The stock looks ready to launch higher once it clears the $90-$92 area, as OBV and ADI are starting to turn up. Even better, the stock is now trading above the large VBP bar near $90, which suggests that buyers are starting to overwhelm sellers and short sellers.
After all is said and done, it seems that the prevailing bet in the bond market is that economy is slowing rapidly. For stock traders, the other side of the bet is that the sudden slowing will likely prompt the Fed to resort to QE once again.
Until December 14, it's probably okay to believe this. But once the Fed does whatever it's going to do, and Powell utters the first few words in his press conference, anything can happen.
Welcome to the Edge of Chaos:
"The edge of chaos is a transition space between order and disorder that is hypothesized to exist within a wide variety of systems. This transition zone is a region of bounded instability that engenders a constant dynamic interplay between order and disorder." – Complexity Labs
The New York Stock Exchange Advance Decline line (NYAD) made a new high on 12/2/22 before rolling over, as tax selling season heats up and the Fed's 12/14 rate hike date approaches.
In fact, NYAD, as it did during the summer rally, has failed to move above its 200-day moving average, a negative development. It also broke below its 20-day moving average and is about to test its 50-day line. A failure at the 50-day line will likely trigger bigger selling in stocks.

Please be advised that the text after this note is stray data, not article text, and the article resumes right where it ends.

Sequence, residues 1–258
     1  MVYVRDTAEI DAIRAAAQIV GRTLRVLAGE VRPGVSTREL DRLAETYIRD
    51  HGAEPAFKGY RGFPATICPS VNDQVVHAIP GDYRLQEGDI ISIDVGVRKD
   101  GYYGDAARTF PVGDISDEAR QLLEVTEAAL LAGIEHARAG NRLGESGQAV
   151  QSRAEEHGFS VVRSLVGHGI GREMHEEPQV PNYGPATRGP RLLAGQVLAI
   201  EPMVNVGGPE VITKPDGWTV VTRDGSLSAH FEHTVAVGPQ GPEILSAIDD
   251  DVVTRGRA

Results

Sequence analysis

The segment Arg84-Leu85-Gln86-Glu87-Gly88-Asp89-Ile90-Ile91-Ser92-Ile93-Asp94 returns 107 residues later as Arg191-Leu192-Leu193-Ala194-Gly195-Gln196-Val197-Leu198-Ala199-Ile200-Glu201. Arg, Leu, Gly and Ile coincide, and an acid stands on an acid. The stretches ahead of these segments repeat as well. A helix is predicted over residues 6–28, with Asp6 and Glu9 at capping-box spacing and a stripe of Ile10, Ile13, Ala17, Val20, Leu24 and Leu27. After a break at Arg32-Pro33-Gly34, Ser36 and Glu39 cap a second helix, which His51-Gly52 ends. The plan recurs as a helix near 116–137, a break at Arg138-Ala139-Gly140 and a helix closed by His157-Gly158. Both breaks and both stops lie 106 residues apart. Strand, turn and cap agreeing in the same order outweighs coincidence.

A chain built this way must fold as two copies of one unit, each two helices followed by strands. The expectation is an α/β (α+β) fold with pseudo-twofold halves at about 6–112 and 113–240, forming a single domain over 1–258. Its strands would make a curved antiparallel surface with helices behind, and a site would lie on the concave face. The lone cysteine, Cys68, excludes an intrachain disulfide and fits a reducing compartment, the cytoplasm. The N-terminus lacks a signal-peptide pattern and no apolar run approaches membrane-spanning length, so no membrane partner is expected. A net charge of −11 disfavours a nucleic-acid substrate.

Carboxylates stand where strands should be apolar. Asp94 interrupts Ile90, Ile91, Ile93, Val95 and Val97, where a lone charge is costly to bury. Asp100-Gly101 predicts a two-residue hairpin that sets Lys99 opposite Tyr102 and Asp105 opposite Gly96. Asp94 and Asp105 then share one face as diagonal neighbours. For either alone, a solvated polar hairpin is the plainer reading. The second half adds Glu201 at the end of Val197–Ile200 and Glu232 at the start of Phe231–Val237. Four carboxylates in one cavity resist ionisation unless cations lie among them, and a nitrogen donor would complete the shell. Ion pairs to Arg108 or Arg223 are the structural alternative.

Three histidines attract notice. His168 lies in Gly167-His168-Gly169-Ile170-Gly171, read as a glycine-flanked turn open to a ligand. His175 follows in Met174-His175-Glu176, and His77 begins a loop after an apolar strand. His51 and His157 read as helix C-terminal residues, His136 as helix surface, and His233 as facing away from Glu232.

Meanwhile, the CBOE Volatility Index (VIX) has reversed course after recently making what looked as if it could be a bullish bottom. When VIX rises, stocks tend to fall, as rising put volume is a sign that market makers are selling stock index futures in order to hedge their put sales to the public. A fall in VIX is bullish, as it means less put option buying.
The Eurodollar Index (XED) remains a bright spot as it may have bottomed out in the short term. That is usually a sign that liquidity is improving. We'll have to see what happens after the Fed's 12/14/22 move.
The Bollinger Bands (green bands above and below prices) for the S&P 500 (SPX) are getting tight. That means that volatility is decreasing and the market is coiling up for a big move as the Fed's 12/14/22 meeting approaches.
SPX is trading just below its 200-day moving average. with the 4000-4100 resistance level looming above. Accumulation Distribution (ADI) is in better shape than On Balance Volume (OBV). That means that rising prices, when they occur, are resulting from short covering, not actual buying. Critical support remains at 3800-3900.
The Nasdaq 100 index (NDX) remains rangebound between 11,000-12,000, with its Bollinger Bands also tightening around its 20-day moving average. ADI and OBV are similar to SPX.
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Good news! I've made my NYAD-Complexity - Chaos chart (featured on my YD5 videos) and a few other favorites public. You can find them here.
In The Money Options
Joe Duarte is a former money manager, an active trader, and a widely recognized independent stock market analyst since 1987. He is author of eight investment books, including the best-selling Trading Options for Dummies, rated a TOP Options Book for 2018 by Benzinga.com and now in its third edition, plus The Everything Investing in Your 20s and 30s Book and six other trading books.